I Boškoski, M Pizzicannella
Surgical intervention
7 months ago
838 views
15 likes
1 comment
35:21
All you need to know to perform an ERCP for biliary stones extraction: live procedure
An 82-year-old man underwent an emergency endoscopic retrograde cholangiopancreatography (ERCP) for acute cholangitis secondary to choledocholithiasis 11 days earlier. At that time, since the patient was under Clopidogrel, the sphincterotomy was not performed and a plastic stent was released in the common bile duct (CBD) to bypass the stones. In this live procedure, Dr. Boškoski performs an ERCP with sphincterotomy and biliary stones extraction. During the procedure, the operator gives every fundamental tips and tricks to perform the correct procedure. At the end of the intervention, a 3D cholangiography is performed to confirm complete biliary stones extraction.
Laparoscopic bile duct exploration with bile duct endoscopy and biliary bypass for recurrent biliary pancreatitis after cholecystectomy
This video shows the peculiar case of a 50-year-old male patient who underwent an open cholecystectomy for acute cholecystitis 12 years ago and he has been consulting for pancreatitis symptoms during the last seven years.
The patient reported that he had undergone ERCP twice after cholecystectomy because of bile duct stones and reportedly, complete bile duct clearance was achieved both times.
He presented to our facility with a new episode of mild pancreatitis.
No abnormalities were demonstrated in liver function tests. Amylase, GGT, and alkaline phosphatase values were normal.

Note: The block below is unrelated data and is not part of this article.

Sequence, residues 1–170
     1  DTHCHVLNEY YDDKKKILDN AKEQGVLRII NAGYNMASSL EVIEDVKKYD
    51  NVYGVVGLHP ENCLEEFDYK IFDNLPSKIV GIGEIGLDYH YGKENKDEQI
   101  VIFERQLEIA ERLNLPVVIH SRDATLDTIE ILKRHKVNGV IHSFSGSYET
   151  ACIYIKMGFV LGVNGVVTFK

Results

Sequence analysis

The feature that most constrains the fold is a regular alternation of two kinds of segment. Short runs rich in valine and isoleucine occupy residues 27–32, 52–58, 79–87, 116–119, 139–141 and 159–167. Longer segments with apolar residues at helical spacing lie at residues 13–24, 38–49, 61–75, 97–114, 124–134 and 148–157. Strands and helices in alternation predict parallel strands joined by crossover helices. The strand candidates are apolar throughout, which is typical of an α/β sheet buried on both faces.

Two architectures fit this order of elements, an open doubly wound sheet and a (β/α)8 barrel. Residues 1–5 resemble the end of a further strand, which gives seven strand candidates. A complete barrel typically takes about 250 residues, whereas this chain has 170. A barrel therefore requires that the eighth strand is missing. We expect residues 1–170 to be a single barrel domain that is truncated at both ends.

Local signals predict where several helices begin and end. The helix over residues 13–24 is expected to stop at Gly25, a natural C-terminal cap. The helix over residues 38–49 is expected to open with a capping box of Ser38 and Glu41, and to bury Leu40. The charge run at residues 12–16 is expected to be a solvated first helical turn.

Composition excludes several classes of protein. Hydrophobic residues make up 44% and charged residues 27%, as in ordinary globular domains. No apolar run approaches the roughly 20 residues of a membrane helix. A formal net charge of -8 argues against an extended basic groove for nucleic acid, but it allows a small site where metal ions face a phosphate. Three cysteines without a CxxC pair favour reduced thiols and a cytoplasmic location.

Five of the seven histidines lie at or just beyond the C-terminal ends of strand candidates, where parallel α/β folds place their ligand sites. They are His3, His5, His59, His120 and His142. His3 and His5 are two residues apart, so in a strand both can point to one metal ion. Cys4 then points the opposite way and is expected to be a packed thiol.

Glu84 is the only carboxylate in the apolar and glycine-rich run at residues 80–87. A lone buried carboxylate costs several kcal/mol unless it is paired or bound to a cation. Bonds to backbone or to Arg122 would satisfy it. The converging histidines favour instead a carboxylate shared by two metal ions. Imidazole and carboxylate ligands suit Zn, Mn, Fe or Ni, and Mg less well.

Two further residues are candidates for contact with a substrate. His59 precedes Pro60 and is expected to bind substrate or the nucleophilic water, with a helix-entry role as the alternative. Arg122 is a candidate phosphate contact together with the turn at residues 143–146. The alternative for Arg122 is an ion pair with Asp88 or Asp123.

Hepatobiliary ultrasound demonstrated a dilated common bile duct. MRCP (cholangio-MRI) showed several filling defects, particularly in the common bile duct and the left hepatic duct. CT-scan of the pancreas did not reveal abnormalities within the pancreatic parenchyma.
We decided to perform a bile duct exploration with endoscopic evaluation of the entire biliary tree and to perform a Roux-en-Y hepaticojejunostomy because of recurrent biliary pancreatitis after cholecystectomy.
JM Cabada-Lee
Surgical intervention
3 years ago
2183 views
111 likes
0 comments
10:55
Laparoscopic bile duct exploration with bile duct endoscopy and biliary bypass for recurrent biliary pancreatitis after cholecystectomy
This video shows the peculiar case of a 50-year-old male patient who underwent an open cholecystectomy for acute cholecystitis 12 years ago and he has been consulting for pancreatitis symptoms during the last seven years.
The patient reported that he had undergone ERCP twice after cholecystectomy because of bile duct stones and reportedly, complete bile duct clearance was achieved both times.
He presented to our facility with a new episode of mild pancreatitis.
No abnormalities were demonstrated in liver function tests. Amylase, GGT, and alkaline phosphatase values were normal.
Hepatobiliary ultrasound demonstrated a dilated common bile duct. MRCP (cholangio-MRI) showed several filling defects, particularly in the common bile duct and the left hepatic duct. CT-scan of the pancreas did not reveal abnormalities within the pancreatic parenchyma.
We decided to perform a bile duct exploration with endoscopic evaluation of the entire biliary tree and to perform a Roux-en-Y hepaticojejunostomy because of recurrent biliary pancreatitis after cholecystectomy.